The Importance of Getting PMP Certified & Tips for Passing the Exam


If you're working as a project manager, getting your
PMP designation is no longer a nice-to-have. These days, it's really more of a must-have. With more than 600,000 PMPs in the world, it has become the de facto certification in project management, particularly within the United States. Why is this important? First (and most obviously), because it's popular with and matters to employers. That’s far from the only reason, though.
 

With the advent of Human Resource systems, résumés submitted to companies no longer fill the email inbox of someone in HR. Instead, résumés get dumped into an HR system. The easiest way for a Hiring Manager to search for and screen out resumes for Project Managers is to search by keyword. Many times, that keyword is “PMP”. If you do not have these letters on your resume, it’s likely your resume will never be found. Will having the PMP designation get you the job? No. But it will increase your chances of getting an interview; and in a sea of Project Management candidates, it helps you stand out. Further, research shows Project Managers with their PMP earn, on average, 17% more annually than their colleagues who do not have their PMP. There is really no excuse not to get it.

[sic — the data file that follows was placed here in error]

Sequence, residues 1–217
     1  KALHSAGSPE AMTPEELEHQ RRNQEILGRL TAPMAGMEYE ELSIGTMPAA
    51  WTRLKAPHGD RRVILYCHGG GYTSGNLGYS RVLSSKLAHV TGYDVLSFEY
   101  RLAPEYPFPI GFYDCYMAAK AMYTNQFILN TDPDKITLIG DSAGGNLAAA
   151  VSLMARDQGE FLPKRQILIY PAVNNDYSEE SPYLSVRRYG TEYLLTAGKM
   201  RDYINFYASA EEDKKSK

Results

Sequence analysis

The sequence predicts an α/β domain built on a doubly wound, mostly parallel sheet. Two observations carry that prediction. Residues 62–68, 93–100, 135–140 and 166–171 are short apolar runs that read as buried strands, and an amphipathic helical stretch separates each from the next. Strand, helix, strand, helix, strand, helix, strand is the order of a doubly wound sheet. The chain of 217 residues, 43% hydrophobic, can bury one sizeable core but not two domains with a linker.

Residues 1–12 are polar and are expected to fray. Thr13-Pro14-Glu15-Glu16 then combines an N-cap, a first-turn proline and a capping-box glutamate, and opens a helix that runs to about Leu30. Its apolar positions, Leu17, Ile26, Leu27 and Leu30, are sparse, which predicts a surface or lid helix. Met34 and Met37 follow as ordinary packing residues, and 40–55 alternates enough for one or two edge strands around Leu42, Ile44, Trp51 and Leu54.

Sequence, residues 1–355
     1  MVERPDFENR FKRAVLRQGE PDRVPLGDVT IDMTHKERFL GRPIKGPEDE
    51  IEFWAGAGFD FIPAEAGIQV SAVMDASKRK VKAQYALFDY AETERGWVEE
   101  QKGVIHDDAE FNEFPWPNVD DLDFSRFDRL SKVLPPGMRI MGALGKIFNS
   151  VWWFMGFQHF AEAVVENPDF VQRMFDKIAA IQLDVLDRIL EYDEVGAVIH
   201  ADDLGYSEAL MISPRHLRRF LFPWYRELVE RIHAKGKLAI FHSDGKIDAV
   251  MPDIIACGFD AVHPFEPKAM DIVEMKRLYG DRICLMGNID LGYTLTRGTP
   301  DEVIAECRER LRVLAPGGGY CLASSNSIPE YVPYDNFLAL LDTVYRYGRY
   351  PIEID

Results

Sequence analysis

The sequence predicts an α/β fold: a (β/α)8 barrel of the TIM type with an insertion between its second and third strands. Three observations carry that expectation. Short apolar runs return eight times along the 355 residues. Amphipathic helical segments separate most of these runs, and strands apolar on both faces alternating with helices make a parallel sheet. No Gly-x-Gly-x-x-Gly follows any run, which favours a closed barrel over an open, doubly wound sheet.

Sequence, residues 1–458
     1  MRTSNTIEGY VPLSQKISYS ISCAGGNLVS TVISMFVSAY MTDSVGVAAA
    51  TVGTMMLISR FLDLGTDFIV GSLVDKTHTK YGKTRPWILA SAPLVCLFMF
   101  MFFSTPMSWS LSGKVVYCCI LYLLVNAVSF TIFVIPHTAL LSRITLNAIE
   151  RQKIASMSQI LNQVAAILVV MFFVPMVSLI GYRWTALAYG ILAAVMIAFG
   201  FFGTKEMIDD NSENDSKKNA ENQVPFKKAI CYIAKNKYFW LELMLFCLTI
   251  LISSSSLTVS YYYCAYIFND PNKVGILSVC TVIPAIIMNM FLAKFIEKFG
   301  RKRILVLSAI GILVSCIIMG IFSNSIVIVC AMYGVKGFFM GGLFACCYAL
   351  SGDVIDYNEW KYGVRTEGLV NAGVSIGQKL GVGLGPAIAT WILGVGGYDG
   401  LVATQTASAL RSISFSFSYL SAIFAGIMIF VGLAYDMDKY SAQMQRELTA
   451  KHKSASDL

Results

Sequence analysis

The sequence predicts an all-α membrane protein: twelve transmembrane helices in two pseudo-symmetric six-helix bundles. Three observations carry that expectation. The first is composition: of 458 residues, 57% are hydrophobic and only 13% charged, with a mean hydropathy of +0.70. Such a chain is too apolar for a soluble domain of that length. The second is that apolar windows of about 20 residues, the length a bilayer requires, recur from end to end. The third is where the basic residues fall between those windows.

In Project Management, pmp, PMI